Technical College vs. University

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Hello all- Would it be more beneficial to attend a technical college or university? A certain technical college, ECPI (www.ecpi.edu) in VA, has sparked my interest because they advertise 'they meet with some industry experts to discuss tech trends and what education needs to be put out to keep up with today's skills.' I want the best education for today's market, but also want the education for later when, let's say, I go up for CIO candidacy. Has anybody heard about ECPI? Went there? What about ITT Tech or Devry? I toured the ECPI campus...it's technical equipment looked up-to-date, but some of their books didn't reflect the latest software or hardware technologies, though they had some which did. I don't know the 'ins and outs' of technical colleges, so could someone give me some insight and advice on all of this? Thanks. P.S. Old Dominion U. (www.odu.edu) has a good Comp. Sci. dept, but is that enough for today's tech world? (Besides experience and certification.)

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If it is your intention to aim for executive ranks (You mentioned CIO), then you need to go to a university.

I’m not knocking technical colleges, but technical is ALL they teach. If you want to get into management, you’re going to have to know applied math, budgeting, writing (proposals, reviews, etc.) You’ll learn a lot of stuff that seems unrelated to your direct interest, but the higher you go in management, the more that “unrelated” stuff is going to count for – although it’s very hard to quantify what will or won’t be useful.

If you just want to be a techie, you can go either route. I’m a university graduate, but I don’t know that you’d be able to tell that by what I do for a living, since I’m still basically a techie. But since you’ve specified upper management, don’t hobble yourself.

Bob

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  • GreenMilo
    The breadth of your education is important but this should not be a "one-stop" shop. So consider this as one step and my advice about where to go is based (partly as you already indicate) on their publications. As important are WHO is publishing, who are the teaching staff, what is their reputation. It the years to come it is they who you will remember rather than what they taught to you. Contact people within the type organisation that you might wish to work and find out from the older more experience staffers who they wish they were dealing with now. By the time you have developed a targeted list of such people you may well find a completely different impression of what you want to do. Do not get too stuck with any one version of your questions, your expectations because there will always be something better, whatever, do not stop asking.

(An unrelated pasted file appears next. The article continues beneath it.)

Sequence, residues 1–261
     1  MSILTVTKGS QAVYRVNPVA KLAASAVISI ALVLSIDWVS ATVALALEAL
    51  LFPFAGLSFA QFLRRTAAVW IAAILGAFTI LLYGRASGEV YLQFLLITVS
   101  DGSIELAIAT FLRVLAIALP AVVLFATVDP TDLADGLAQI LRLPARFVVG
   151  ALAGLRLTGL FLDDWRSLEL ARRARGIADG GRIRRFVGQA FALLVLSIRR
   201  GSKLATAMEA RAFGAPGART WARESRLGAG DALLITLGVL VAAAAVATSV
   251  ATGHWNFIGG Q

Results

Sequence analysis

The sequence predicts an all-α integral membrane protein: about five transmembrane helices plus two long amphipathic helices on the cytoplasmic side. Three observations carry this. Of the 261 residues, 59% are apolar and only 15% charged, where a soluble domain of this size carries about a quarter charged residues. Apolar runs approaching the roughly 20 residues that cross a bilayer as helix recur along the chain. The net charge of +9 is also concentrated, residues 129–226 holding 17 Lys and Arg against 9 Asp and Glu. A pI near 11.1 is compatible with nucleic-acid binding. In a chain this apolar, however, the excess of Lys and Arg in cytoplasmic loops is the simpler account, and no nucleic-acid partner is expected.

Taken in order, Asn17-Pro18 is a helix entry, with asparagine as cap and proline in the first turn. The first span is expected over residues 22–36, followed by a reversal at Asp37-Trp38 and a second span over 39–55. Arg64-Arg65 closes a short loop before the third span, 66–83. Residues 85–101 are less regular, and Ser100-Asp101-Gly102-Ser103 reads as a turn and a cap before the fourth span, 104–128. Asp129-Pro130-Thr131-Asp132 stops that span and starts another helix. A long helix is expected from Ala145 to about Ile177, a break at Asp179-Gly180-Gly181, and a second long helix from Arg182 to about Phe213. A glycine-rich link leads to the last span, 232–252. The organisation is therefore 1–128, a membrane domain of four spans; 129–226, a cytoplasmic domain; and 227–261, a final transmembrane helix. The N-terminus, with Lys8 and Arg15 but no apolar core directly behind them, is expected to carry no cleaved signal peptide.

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  • Smfraser
    I have been to both. The "Technical" places will talk about their being accredited etc. but when it comes down to it being accredited with the "under water basket weavers" univeristy club doesn't hold water. Yes the classes I took provided good information but when it came time for positions (not titles) within my company or for when I want to move on the "Technical" college just doesn't cut it. I would have rather spent my time getting my MSCE etc. and then do what I am doing now by attending a University with higher level classes. No education hurts no matter where you go but spend the extra money and effort at a good 4 year college. Whatever you decided, make sure that the classes you take at the Tech college transfer to a higher institute. I lost 2 years because the #1 rated Tech college credits didn't transfer, well o.k. 3 of them did. Whoopdie Doo... Good Luck,,,
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  • Perk32725
    I would go with the university degree as well. Technical colleges are OK, but as was pointed out, the education you get is limited. A university will give you a well-rounded education. In either case, you should continue your education by getting certifications (CISSP, MCSIE, and A+ are all useful) and attending seminars, workshops, etc. In this business, getting a degree is just the start of your education. Hope this helps.